Why seven movies? Because Harrison Ford has had more than five great films, but not quite ten–notice I wrote great, not good; he has had many good films. My only criteria for this list was that a character could only appear once.
#7: The Empire Strikes Back
What? Han Solo and The Empire Strikes Back are 7th! You’re full of s%@t! No, I’m not full of it. No Harrison Ford list would be complete without Han Solo, but in the end this is not a Harrison Ford movie; it’s an ensemble. As for the movie itself, this film is the only reason why we still talk about the Star Wars franchise today and why a whole cottage industry of books, comics, and fan art exists.
#6: The Fugitive
This is the last non-dour Harrison Ford movie. With the exception of Air Force One, he appears to be annoyed and constipated in all his later films–again, for the most part they are good but aren’t as engaging as what came before. As for The Fugitive, the film is tight and straightforward. A lot of current day filmmakers could learn a well needed lesson about editing and pacing from this film; kudos to the director (Jeb Stuart).
#5: Hanover Street
Yes, it’s a Spanish trailer, but it is the only one I could find. Anyway, I wish to thank Dr. Paul N. Lazarus, III, for introducing me to this film. He was a professor of mine when I was briefly a film major at UM and also the producer. Hanover Street is a good movie with a really good Harrison Ford performance. It’s a story of a love triangle set during WWII. The story goes a little off track in the third act, but it’s still a good movie to watch with your better half.
#4: Blade Runner
Question: which of the many cuts of Blade Runner do you look for to watch? Answer: whichever one that does not have the narration and comes with the making-of featurette. Blade Runner is one of the most visually influential films of the last thirty years, and both Harrison Ford & Rutger Hauer give great performances that hold the film together.
A damn good movie with another great performance–not only for Ford, but the whole cast as well. Peter Weir is another director that makes a lot of films that I like. The story is engaging, and the acting is natural & effortless. The improvised dance scene between Ford and Kelly McGillis is one of the small highlights.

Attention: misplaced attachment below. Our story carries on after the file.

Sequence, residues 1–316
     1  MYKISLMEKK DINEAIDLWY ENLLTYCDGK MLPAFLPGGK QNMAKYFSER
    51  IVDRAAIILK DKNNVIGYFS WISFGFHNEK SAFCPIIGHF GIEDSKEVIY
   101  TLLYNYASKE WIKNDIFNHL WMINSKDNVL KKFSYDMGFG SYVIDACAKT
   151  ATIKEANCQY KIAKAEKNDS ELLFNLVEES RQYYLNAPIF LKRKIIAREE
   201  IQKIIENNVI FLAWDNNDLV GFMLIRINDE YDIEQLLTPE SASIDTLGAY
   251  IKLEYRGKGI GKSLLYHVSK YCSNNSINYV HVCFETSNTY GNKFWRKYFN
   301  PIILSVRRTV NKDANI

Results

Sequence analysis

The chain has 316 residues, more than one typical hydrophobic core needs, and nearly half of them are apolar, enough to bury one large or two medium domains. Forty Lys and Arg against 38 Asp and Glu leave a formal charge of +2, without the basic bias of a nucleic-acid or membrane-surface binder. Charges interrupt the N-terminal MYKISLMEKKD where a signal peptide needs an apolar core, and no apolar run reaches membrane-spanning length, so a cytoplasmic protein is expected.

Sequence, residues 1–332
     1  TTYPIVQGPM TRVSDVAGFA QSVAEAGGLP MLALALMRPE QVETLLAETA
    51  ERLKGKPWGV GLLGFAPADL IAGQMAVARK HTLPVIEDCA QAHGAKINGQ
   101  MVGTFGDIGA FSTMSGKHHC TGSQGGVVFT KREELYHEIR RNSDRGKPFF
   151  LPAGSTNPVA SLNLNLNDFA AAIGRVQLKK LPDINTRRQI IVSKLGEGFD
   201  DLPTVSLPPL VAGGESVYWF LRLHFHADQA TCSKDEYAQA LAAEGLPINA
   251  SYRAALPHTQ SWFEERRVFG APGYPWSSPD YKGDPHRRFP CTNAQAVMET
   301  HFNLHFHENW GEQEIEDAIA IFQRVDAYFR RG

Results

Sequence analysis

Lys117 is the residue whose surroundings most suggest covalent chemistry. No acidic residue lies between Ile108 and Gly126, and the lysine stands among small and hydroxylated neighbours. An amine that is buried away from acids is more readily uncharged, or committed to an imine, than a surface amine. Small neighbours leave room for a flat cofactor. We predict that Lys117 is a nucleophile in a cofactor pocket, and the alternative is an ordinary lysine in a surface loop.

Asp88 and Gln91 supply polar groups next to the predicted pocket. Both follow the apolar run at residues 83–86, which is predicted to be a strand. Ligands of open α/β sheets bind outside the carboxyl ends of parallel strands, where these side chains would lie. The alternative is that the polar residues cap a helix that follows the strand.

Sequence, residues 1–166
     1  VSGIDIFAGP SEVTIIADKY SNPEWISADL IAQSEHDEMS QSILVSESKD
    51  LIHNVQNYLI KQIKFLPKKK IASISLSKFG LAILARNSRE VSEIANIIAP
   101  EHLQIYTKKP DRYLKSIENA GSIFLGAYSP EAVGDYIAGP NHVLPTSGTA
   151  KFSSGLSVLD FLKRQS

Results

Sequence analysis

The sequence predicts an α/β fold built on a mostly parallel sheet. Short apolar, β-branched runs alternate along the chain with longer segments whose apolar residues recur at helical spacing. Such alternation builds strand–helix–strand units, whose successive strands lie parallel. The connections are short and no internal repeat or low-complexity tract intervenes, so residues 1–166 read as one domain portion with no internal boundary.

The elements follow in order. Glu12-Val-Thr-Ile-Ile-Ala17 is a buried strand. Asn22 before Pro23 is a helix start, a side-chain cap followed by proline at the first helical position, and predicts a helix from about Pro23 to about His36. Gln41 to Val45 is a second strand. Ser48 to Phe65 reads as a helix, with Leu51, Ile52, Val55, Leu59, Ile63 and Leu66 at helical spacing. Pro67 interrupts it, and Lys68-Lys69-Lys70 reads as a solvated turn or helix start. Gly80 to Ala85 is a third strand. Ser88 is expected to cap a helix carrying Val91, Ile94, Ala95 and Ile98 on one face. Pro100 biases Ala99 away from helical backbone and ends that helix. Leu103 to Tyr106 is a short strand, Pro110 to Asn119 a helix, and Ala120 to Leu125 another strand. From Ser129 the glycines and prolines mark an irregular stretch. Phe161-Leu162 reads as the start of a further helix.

I’m not a fan of Roman Polanski, and I think he is overrated. But this is by far his best film, probably because it’s paced like an Alfred Hitchcock film. If anyone ever asks you what a suspense film is, you can give them this as a perfect example. As the story moves forward, you are brought more and more into it; you become more involved with Dr. Richard Walker (Harrison Ford), his plight, and his urgency.
#1: Raiders of the Lost Ark
Sorry, here is the right poster.
Was there any doubt? What’s not to love about this film? Spielberg at his best, Ford at his best, everyone at their best. The perfect example of an Action/Adventure film. Raiders of the Lost Ark was rightly nominated for Best Picture and wrongly lost to Chariots of Fire. Reds, On Golden Pond, and Atlantic City were also nominated for Best Picture that year. Which of these films do you remember? Have watched more than once? Actually care about? I never heard of Atlantic City until I looked up the nominated films for 1981.
I’m glad I shared this list with you, but creating it left me a little bittersweet. Sweet in that I was able to share my thoughts — bitter in the realization that Harrison Ford’s best days are behind him. His heyday really was the 80s. But the 80s were fun!
What are your thoughts?